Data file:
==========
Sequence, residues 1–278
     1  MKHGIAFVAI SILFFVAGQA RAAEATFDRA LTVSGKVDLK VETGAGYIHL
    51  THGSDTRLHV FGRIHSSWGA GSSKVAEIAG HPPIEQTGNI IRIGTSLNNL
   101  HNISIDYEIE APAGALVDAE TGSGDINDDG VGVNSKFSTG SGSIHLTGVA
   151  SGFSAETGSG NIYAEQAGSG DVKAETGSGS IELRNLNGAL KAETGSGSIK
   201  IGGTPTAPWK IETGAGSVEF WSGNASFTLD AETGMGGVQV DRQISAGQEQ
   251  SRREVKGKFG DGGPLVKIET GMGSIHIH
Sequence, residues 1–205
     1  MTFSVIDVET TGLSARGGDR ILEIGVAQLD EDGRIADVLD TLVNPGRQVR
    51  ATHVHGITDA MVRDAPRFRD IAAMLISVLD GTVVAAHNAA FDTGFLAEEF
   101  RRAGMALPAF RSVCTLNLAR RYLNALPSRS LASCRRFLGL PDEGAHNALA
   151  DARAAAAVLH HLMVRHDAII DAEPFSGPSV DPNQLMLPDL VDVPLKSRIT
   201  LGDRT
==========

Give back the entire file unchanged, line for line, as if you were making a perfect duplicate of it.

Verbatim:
Sequence, residues 1–278
     1  MKHGIAFVAI SILFFVAGQA RAAEATFDRA LTVSGKVDLK VETGAGYIHL
    51  THGSDTRLHV FGRIHSSWGA GSSKVAEIAG HPPIEQTGNI IRIGTSLNNL
   101  HNISIDYEIE APAGALVDAE TGSGDINDDG VGVNSKFSTG SGSIHLTGVA
   151  SGFSAETGSG NIYAEQAGSG DVKAETGSGS IELRNLNGAL KAETGSGSIK
   201  IGGTPTAPWK IETGAGSVEF WSGNASFTLD AETGMGGVQV DRQISAGQEQ
   251  SRREVKGKFG DGGPLVKIET GMGSIHIH
Sequence, residues 1–205
     1  MTFSVIDVET TGLSARGGDR ILEIGVAQLD EDGRIADVLD TLVNPGRQVR
    51  ATHVHGITDA MVRDAPRFRD IAAMLISVLD GTVVAAHNAA FDTGFLAEEF
   101  RRAGMALPAF RSVCTLNLAR RYLNALPSRS LASCRRFLGL PDEGAHNALA
   151  DARAAAAVLH HLMVRHDAII DAEPFSGPSV DPNQLMLPDL VDVPLKSRIT
   201  LGDRT